‘Missed the boat’: IMO criticised over revised decarbonisation strategy
The member states of the International Maritime Organization (IMO) have outlined a new strategy that attempts to align the sector with the 1.5C warming target of the Paris Agreement, but green groups have criticised the “vague commitments” that have been agreed.
At the 80th meeting of the Marine Environment Protection Committee (MEPC 80), the Member States officially endorsed the 2023 IMO Strategy on Reduction of GHG Emissions from Ships.
The new strategy has set targets for a minimum 40% reduction in CO2 emissions per transport work in international shipping by 2030, and a minimum 70% reduction, with an aspiration of 80%, in total annual GHG emissions from international shipping by 2040.
IMO secretary-general Kitack Lim said: “The adoption of the 2023 IMO Greenhouse Gas Strategy is a monumental development for IMO and opens a new chapter towards maritime decarbonisation. At the same time, it is not the end goal, it is in many ways a starting point for the work that needs to intensify even more over the years and decades ahead of us.”
Currently, the shipping industry accounts for 3% of global greenhouse gas (GHG) emissions, and projections indicate that without intervention, these emissions could more than double by 2050.
Despite limitations, the new IMO strategy is expected to signal an accelerated transition, prompting the shipping sector and fuel producers to increase the scale of zero and near-zero carbon fuel demand this decade.
However, green groups have claimed that measures fall short of what scientists deem necessary for the shipping sector to effectively combat climate change.
WWF head of delegation at the IMO, Mark Lutes, said: “The IMO emissions reduction strategy has missed the boat on the 1.5C pathway. There’s no time for half measures, vague commitments and slow progress.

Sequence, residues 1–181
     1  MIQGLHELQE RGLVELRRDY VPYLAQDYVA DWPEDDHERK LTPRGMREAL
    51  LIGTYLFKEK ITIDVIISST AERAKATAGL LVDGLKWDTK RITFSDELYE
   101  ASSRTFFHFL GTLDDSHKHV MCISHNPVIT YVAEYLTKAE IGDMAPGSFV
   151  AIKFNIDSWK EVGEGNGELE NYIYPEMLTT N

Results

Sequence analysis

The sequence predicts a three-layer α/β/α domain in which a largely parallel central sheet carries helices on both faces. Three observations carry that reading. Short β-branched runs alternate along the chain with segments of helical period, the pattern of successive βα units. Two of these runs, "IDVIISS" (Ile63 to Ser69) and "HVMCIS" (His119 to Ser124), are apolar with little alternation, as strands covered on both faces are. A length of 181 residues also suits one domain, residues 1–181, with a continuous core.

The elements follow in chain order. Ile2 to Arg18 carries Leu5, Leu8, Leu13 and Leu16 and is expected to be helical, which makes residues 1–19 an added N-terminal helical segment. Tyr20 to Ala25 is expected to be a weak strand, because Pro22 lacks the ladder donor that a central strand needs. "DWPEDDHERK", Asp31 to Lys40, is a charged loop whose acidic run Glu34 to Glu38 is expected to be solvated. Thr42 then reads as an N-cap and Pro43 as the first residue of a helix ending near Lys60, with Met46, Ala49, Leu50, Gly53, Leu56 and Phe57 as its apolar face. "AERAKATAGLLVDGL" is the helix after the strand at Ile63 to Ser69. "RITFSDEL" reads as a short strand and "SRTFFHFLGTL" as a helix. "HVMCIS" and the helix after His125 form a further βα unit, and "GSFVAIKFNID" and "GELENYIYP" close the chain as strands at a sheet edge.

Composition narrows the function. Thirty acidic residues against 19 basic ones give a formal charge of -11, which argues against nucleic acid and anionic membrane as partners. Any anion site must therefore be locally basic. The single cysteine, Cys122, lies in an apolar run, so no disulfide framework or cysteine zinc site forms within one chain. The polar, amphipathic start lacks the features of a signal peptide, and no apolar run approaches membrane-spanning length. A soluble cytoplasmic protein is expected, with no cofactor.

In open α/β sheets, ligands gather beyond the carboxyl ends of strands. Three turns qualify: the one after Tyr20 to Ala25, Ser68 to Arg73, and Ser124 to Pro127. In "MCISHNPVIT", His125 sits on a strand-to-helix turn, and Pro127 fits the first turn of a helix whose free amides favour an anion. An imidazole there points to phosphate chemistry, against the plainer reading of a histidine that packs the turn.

“We need all sectors to follow the science and raise their ambition to limit warming to below catastrophic levels. The world is in deep water and levels are rising, with climate impacts already devastating lives around the world.”
As for the UK, the Government has set goals to achieve a 28% reduction in domestic and the UK’s portion of international shipping by 2035, relative to the levels recorded in 2019.
In a bid to decarbonise the maritime sector, the Government has announced an investment of £34m as part of the Clean Maritime Demonstration Competition (CMDC).
Funded by the UK Shipping Office for Reducing Emissions (UK SHORE), the competition seeks to accelerate the shipping industry’s net-zero transition by fostering the development of innovative and sustainable technologies such as alternative fuel sources for freight ships and battery-powered vessels.
The fourth round of funding has raised the cumulative investment through the CMDC to £129m. Across the UK, more than £95m has been awarded to 105 projects in the initial three rounds of the CMDC.
UK Chamber of Shipping chief executive Sarah Treseder said: “Instilling confidence in the UK shipping industry to invest in new technologies and fuels is central to reaching net-zero.
“This funding, with a focus on real-world demonstrations, will help to do that and unlock investment from across the shipping community to deliver the technologies that will reduce emissions while ensuring shipping remains at the heart of the UK’s economy.”
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